Are your employees happy? The way you maintain their emotional health could be just as important as the way you
maintain your company's IT health.
Compassion and good people skills have become essential aspects of leadership, and morale maintenance has become a core competency crucial to company success. That was the undeniable theme of keynote speakers at BetterManagement Live's recent Worldwide Business Conference in Las Vegas. Two speakers, Tim Sanders and Kevin Freiberg, addressed this topic specifically in interviews with SearchCIO.com.
"Emotional health has become a necessity not an option," said Sanders, author of Love is the Killer App: How to Win Business and Influence Friends and leadership coach at Yahoo Inc. "There's a direct relation between compassion and humanity and the retention of talent."
Sanders said he believes there are a lot of unhappy employees out there right now just biding their time until the economy bounces back. When it does, he said, they'll find work elsewhere, and their bosses will be scrambling to fill the vacant positions.
A recent study from Meta Group Inc. also predicted that "greener pastures" syndrome could be a problem over the next three years as employees look for more money and a better work environment. To keep their best people from jumping ship, analysts suggested CIOs need to focus on issues such as morale and flexible hours.
So what makes employees happy? According to Freiberg, consultant and author of Guts! Companies that Blow the Doors Off Business-as-Usual, it's more than just free bagels on Monday or Hawaiian shirt Fridays.
Meaningful and noble work
Freiberg said employees want to know if the fruits of their work will deepen and broaden the relationship with customers and help the company move smarter, better and faster. Knowing that their work is meaningful and noble and there's a positive work culture are more important than compensation to most people.
"Every worker wants to see that what they do makes a difference," he said. It's up to the leaders -- in IT's case, the CIO -- to make sure all employees know their work is critical to the company's success.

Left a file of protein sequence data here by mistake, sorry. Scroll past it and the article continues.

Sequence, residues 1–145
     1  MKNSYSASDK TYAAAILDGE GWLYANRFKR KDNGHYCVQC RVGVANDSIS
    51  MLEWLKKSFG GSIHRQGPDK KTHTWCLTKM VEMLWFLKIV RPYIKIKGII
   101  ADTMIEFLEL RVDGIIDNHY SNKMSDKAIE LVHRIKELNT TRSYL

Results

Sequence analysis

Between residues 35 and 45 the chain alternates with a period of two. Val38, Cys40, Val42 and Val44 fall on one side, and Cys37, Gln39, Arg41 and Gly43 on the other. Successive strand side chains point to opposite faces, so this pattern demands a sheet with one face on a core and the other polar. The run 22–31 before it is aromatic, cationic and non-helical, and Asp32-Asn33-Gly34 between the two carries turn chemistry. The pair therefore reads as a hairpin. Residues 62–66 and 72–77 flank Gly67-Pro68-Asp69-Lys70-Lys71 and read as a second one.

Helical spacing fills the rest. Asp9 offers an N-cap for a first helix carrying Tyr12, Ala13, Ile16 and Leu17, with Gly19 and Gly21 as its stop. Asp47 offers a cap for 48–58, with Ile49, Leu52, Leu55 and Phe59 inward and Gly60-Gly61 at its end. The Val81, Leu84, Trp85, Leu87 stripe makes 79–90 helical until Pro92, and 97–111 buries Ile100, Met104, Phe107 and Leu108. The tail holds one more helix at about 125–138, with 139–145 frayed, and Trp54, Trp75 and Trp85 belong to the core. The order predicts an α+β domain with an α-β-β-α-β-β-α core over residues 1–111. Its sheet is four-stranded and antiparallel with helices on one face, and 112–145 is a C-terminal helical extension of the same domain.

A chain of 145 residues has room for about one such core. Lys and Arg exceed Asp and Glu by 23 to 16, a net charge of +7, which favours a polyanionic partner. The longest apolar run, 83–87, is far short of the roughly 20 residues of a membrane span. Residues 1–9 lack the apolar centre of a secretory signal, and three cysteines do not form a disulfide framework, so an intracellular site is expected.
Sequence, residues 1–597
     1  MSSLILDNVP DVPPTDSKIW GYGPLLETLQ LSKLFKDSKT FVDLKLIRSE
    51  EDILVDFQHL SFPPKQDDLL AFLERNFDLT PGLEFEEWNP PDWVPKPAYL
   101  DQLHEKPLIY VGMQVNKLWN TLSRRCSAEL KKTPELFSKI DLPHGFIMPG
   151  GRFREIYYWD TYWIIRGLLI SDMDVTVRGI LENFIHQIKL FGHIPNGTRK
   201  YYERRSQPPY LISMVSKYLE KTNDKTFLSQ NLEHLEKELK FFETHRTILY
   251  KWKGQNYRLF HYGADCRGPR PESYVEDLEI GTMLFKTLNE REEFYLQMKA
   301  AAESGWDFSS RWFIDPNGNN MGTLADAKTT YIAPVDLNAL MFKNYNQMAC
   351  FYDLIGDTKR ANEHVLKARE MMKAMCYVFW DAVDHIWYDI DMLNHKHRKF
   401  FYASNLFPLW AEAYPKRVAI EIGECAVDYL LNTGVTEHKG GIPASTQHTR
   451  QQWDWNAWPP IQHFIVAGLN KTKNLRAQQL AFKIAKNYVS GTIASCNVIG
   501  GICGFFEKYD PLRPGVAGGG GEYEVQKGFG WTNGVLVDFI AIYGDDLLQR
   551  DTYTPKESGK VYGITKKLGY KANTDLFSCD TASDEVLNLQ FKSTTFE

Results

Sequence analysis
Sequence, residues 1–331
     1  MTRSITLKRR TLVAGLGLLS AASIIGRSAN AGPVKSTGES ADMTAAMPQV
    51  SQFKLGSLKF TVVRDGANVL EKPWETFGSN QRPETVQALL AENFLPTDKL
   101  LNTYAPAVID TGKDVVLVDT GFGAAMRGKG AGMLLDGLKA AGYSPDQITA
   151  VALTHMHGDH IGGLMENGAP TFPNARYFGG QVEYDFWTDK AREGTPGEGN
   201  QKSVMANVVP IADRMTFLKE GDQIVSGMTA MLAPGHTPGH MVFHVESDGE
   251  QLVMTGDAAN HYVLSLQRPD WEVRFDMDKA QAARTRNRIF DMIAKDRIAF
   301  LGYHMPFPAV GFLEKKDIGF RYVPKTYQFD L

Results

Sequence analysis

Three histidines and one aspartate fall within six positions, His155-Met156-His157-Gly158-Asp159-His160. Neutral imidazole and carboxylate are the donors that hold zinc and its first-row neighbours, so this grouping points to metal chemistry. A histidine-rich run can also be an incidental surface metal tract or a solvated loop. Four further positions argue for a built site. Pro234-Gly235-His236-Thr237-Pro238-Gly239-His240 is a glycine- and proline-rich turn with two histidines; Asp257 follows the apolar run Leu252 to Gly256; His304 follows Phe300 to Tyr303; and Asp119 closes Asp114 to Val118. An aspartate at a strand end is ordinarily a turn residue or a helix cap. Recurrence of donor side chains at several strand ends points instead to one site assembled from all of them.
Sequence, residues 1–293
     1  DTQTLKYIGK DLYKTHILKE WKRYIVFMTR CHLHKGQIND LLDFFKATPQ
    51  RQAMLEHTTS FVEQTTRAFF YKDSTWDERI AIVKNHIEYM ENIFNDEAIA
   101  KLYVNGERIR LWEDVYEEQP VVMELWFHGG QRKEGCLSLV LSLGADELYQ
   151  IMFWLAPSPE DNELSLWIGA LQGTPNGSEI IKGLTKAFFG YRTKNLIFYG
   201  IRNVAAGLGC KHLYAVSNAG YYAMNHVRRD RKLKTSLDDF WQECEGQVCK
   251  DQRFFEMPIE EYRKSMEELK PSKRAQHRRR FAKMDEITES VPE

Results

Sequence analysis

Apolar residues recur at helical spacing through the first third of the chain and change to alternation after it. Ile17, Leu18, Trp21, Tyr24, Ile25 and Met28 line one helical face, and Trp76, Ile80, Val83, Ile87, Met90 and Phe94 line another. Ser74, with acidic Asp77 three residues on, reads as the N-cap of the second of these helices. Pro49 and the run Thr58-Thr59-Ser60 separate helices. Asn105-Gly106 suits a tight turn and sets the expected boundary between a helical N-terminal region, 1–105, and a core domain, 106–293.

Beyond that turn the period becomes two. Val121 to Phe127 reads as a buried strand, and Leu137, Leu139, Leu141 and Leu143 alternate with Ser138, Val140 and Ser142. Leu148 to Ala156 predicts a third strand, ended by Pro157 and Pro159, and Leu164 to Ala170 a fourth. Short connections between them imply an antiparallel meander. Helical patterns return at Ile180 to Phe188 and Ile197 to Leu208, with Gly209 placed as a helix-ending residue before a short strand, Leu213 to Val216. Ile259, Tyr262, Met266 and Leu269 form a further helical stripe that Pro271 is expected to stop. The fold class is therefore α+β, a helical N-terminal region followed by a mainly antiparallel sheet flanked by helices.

"Help people see how the individual is part of something bigger -- part of a heroic cause and noble purpose," Freiberg stressed. "In the absence of good feedback, people will invent their own, and it's not always accurate."
Money isn't everything
Freiberg added that work/life balance has become "huge," especially in the last three years. "After September 11, we realized that family and personal life are important. Those are powerful retention factors."
Jeanette Slepian, president of Beaverton, Ore.-based BetterManagement, said emotional intelligence is a key for being a great leader because employees want more than just money. They want a leader who can connect with them.
"In the late '90s, the whole world revolved around stock options. I think we've all moved through that and realize that's not what it's all about," she said.
"It's about the work environment where talents are respected and a leader who has vision and confidence in the future. It's not just about facts and figures."
But given that CIOs inherently can be "facts and figures people," can they learn how to be good "people people"?
"You can absolutely learn [people skills], Slepian said, "but you have to want to. If you want to transition from a good manager to a good leader, you've got to read a breadth of people who've been leaders and try to understand what made them strong."
"You can add certain traits to your repertoire," said Bob Young, an organizational psychologist with consulting firm Hyde & Lichter Inc. in Milwaukee. He agreed that it can be tough for IT people who may be introverted to connect on an emotional level with others and motivate them to succeed. Difficult but not impossible -- and definitely important.
"Compassion gets more mileage out of people," Young added. Echoing what Yahoo's Sanders said, Young has found that when he coaches an employee who is having problems at work, he'll find the employee's performance is suffering from a lack of compassion at work or an ethical difference with others.
"You have to convey that you care about them as a person," he said.
And CIOs have to be able to convey IT's story to the rest of the company, said Freiberg, because too often IT workers feel like second-class citizens when they should feel like heroes.
"IT has a great, heroic story to tell in this economy," he said.